As for Alzheimer’s disease, studies have documented the presence of autosomal dominant mutations on chromosomes 1, 14, and 21 in families with Alzheimer’s affected individuals, and genetic tests have been developed to test for these mutations.51–56 Because, however, these mutations are quite likely not the only mutations influencing Alzheimer’s disease, the meaning of a negative test result is of limited predictive use. On the other hand, a positive result must be interpreted in light of the effect of variable gene expression and incomplete penetrance on the disease development and severity. Together, these facts point to limits in the predictability of tests for disease producing mutations. Similarly, although the presence of the APOE e4 allele is associated with a higher risk and decreased age of onset of Alzheimer’s disease, the absolute magnitude of the risk is difficult to assess. This is so, because the risks vary as a function of age, gender, ethnicity, exposure to toxins, head trauma, and other susceptibility genes. Thus, even when the test correctly reveals the presence of mutations related to Alzheimer’s disease, it does not do a good job of predicting who will get the disease. A substantial proportion of APOE e4 carriers, including those surviving into the 10th decade, do not become demented; while more than one third of persons with Alzheimer’s disease do not have the e4 allele. Studies have shown that the rate of false positives and false negatives are quite high. Thus, 71% of individuals with one or two APOE e4 alleles never develop Alzheimer’s disease and 44% of people with the disease do not have the APOE e4 allele.32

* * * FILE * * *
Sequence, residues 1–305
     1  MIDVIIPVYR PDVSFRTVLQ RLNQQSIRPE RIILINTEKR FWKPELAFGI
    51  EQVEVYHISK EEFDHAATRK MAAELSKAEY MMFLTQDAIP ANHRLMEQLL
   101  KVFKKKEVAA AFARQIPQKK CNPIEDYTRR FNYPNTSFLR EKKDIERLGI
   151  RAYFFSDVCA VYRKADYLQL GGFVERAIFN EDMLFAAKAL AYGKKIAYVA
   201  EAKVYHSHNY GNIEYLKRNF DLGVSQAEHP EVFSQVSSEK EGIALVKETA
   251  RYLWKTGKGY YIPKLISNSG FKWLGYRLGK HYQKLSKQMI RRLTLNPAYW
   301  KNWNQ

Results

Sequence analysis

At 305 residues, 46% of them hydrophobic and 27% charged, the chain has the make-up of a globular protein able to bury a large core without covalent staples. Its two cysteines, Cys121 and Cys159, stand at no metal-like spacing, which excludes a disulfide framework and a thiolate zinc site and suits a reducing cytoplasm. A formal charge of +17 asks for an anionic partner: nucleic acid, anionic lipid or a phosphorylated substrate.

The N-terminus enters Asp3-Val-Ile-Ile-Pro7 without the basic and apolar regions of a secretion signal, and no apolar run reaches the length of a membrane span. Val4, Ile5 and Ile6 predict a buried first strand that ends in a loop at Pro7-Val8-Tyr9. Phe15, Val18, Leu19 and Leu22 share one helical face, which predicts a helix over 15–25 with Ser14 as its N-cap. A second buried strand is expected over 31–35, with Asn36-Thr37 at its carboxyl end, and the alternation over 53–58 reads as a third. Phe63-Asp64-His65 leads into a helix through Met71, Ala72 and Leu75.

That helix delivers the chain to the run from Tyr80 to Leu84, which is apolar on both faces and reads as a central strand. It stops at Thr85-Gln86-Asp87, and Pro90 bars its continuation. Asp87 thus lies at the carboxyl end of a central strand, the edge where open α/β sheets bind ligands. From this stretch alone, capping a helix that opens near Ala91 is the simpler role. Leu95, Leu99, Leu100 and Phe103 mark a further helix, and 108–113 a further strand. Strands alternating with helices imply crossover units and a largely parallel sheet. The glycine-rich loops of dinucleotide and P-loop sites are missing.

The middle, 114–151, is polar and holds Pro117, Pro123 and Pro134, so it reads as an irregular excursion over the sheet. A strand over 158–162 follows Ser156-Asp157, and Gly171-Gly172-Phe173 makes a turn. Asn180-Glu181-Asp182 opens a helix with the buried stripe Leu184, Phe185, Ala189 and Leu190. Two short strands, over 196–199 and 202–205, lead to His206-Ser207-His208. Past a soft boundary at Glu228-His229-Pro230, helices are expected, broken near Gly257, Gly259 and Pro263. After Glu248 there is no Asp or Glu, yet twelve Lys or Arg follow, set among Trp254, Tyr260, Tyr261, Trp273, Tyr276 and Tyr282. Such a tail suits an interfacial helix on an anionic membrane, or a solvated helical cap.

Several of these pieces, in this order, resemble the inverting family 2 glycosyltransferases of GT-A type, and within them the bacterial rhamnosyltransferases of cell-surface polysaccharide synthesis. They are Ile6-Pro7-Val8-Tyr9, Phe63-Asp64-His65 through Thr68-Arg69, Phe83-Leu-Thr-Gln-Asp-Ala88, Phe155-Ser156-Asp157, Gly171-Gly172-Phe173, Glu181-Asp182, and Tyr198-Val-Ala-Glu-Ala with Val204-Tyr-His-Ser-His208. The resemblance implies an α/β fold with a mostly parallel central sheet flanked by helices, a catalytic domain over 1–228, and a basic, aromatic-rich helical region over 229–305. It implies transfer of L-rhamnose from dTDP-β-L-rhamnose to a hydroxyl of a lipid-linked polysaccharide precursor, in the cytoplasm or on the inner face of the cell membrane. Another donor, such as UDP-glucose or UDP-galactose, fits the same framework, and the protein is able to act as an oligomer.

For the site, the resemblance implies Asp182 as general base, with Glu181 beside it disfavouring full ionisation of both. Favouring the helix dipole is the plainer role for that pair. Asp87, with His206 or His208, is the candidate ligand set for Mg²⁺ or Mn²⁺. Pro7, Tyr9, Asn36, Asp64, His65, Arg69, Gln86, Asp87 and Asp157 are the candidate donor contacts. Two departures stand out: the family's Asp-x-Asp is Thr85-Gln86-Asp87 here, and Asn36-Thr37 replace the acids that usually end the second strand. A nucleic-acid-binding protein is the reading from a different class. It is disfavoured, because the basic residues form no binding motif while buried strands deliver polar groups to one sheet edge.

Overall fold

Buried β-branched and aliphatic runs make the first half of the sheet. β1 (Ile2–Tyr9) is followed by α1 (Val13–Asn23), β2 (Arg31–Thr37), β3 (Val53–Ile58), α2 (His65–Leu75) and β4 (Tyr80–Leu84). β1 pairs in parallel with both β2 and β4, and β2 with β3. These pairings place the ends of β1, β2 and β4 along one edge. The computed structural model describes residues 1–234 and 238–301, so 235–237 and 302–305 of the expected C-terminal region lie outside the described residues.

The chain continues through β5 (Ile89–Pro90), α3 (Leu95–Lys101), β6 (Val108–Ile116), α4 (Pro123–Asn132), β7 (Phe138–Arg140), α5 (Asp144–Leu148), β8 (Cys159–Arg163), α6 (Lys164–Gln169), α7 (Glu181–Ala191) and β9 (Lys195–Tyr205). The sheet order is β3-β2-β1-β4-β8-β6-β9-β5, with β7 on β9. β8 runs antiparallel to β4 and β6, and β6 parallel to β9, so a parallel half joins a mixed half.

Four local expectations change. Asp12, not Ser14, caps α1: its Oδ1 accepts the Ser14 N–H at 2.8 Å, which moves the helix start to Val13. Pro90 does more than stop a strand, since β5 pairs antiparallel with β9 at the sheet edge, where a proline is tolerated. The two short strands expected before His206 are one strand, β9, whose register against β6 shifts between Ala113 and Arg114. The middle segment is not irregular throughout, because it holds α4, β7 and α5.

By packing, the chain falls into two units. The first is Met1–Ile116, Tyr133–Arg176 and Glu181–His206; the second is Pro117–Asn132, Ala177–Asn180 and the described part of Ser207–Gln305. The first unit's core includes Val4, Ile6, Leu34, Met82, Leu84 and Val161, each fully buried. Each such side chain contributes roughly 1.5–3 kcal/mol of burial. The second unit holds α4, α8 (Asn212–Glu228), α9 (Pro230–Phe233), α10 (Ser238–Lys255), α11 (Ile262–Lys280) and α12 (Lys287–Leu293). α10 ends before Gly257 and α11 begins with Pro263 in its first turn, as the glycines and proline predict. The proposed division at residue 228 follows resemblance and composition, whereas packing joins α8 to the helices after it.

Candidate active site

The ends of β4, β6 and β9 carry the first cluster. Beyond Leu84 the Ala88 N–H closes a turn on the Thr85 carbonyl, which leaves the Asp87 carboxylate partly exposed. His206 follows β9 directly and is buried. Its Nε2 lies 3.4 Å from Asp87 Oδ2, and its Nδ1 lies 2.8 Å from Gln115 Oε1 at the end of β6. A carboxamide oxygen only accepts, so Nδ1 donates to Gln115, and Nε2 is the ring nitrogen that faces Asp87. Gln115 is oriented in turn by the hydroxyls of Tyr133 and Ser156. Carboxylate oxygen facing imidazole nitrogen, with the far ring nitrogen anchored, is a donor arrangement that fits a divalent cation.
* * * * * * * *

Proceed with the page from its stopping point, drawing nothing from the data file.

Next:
These cases seem to be more representative of the difficulties faced when dealing with complex genetic traits and thus of the kind of information that genetic testing might be able to offer. Unfortunately, by presenting the cases in simplistic ways, the authors might help maintain mistaken perceptions about the unavoidability of all diseases and disorders that might have a genetic component. The simplification of these cases might contribute to incorrect public beliefs about genetic determinism.